You have probably heard of “Scrum,” the Agile framework for software design, and wondered if it could tame hardware and systems projects and help get them done on time, on budget, and defect-free. Here’s a look at Scrum and the challenges in applying it outside of software.
What is Scrum?
As shown in the infographic, the Scrum development process is built around two- to four-week design efforts called sprints. Slicing the design process into relatively short sprints allows for better planning, communication, and slow-but-steady design improvement. Volvo’s truck division uses two-week sprints; Saab Aerospace has long been using three-week sprints in all its divisions.
Each sprint is built on a plan/do/review cycle (as shown by the yellow areas). Every 2-4 weeks, the tasks for the current sprint are planned and completed, and the results and process are reviewed. Then the cycle is repeated for the next sprint.
There are five types of sprint meetings (dark blue circles in the infographic). The number and types of meetings might seem excessive, but they are structured to save time as they keep communications open, brief, and on-point. Typically, these meetings take 10% to 15% of each team member’s time. This leaves 85% to 90% of their time to get work done.
Sprints are designed to result in artifacts (orange boxes) which are either information or physical objects. To make all this happen, there are 13 different activities (numbered circles) in the Scrum process. Before a project begins, there are a few organizational activities (1 through 4).
1. Assemble the team. Scrum teams have 4-9 members who carry out and self-manage all the design tasks: plan, conceive, analyze, build, test, decide, and document. Scrum teams are stable: Some at Saab have been together for more than 10 years.
2. Establish design goals. In the ideal software world, this upfront, macro-planning is minimized. However, for hardware and systems this is essential, just as it is in traditional design processes. This task focuses on establishing engineering specifications that need to be met and not so much on the timing. There are no detailed Gantt charts in Scrum; all the detail planning is pushed to the sprint and daily level. In Scrum-speak, design goals make up the product backlog, a list of all the design requirements that still need to be resolved during the design of the product.
3. Maintain scrum board: One feature common to most Agile methods, but totally foreign to traditional methods is the scrum moard. This is usually a physical board with sticky notes on it. The Scrum board can also be virtual and managed using one of the many software packages available for the task. Product backlog items (the design requirements) are written on sticky-notes and posted on the left side of the board. As they are resolved, they get moved to the right. In software design the backlog is represented in “stories,” as they are the stories customers tell to describe the features and functions they want. For hardware, customer stories need to be supplemented with methods like Quality Function Deployment (QFD) to get a complete picture of the goals. QFD is a method for capturing the customer’s voice and translating it into engineering specifications.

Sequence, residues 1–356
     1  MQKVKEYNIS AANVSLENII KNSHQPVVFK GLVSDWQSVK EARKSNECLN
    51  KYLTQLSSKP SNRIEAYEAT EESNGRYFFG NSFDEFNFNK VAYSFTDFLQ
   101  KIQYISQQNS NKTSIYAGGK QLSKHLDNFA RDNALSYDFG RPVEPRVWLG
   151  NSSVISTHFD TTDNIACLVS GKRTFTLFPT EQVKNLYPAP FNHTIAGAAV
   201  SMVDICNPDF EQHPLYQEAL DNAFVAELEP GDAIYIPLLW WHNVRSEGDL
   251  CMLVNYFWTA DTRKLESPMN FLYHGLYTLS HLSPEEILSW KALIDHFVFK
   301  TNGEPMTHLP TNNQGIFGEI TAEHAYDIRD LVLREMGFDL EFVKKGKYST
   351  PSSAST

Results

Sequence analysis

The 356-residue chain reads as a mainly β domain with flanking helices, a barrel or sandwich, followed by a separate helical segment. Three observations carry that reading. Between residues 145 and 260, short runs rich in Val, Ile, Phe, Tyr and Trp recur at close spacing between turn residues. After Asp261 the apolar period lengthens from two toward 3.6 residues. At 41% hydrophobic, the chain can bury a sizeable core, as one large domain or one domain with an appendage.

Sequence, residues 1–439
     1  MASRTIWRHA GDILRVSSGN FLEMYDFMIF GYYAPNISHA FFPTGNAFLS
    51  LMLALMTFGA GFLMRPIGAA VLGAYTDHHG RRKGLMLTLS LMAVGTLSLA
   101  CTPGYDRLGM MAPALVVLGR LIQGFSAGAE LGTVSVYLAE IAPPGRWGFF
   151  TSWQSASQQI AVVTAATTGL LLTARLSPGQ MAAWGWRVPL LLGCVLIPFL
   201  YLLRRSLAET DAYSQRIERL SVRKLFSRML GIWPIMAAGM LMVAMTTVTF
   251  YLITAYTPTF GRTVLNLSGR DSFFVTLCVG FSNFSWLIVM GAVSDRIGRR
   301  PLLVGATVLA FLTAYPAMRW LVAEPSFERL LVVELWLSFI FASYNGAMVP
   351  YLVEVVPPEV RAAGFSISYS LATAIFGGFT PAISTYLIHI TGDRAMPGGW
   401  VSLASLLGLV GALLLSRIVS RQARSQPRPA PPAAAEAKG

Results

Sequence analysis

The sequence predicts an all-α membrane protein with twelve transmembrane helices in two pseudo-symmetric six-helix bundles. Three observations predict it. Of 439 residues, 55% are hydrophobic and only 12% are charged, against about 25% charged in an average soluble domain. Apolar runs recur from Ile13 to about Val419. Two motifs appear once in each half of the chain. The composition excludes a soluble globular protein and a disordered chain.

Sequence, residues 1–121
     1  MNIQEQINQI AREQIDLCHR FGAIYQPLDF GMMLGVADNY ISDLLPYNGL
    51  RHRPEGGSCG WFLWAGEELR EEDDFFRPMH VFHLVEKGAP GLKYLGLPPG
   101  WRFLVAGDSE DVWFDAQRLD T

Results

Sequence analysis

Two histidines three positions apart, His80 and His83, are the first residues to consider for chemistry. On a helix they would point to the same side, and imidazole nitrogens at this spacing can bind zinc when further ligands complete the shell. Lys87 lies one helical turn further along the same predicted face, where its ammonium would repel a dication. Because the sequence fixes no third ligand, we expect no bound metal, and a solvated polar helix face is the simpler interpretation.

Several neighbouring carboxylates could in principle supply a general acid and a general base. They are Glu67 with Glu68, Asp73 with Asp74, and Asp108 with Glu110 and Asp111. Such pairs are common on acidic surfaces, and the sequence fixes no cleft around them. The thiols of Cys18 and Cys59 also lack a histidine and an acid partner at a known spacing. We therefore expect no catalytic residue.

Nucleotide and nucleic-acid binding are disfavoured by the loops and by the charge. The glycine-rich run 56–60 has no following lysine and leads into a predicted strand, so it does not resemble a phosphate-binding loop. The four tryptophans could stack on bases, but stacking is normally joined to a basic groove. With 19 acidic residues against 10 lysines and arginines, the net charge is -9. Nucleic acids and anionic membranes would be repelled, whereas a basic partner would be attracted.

The Scrum Board is usually an actual board with sticky notes on it as seen in this view of a daily sprint meeting of the design team at Saab tasked with developing the oxygen subsystem for the Gripen. The Scrum board can also be managed using one of the many software packages available.
4. Product backlog grooming. Sprint planning begins with the product backlog meeting, the first of the five types of meetings. In this meeting design goals (listed in the product backlog) are rank-ordered based on dependency, uncertainty, and importance. This gives the team a long-term vision of what needs to be done during the design of the product and what is most important to do first.
5. Sprint planning meeting. The second type of meeting, sprint planning, kicks off each sprint. Here the team chooses from the product backlog which goals to address during the sprint. They only choose those they can complete during the sprint period. This selection process is iterative, as we shall see.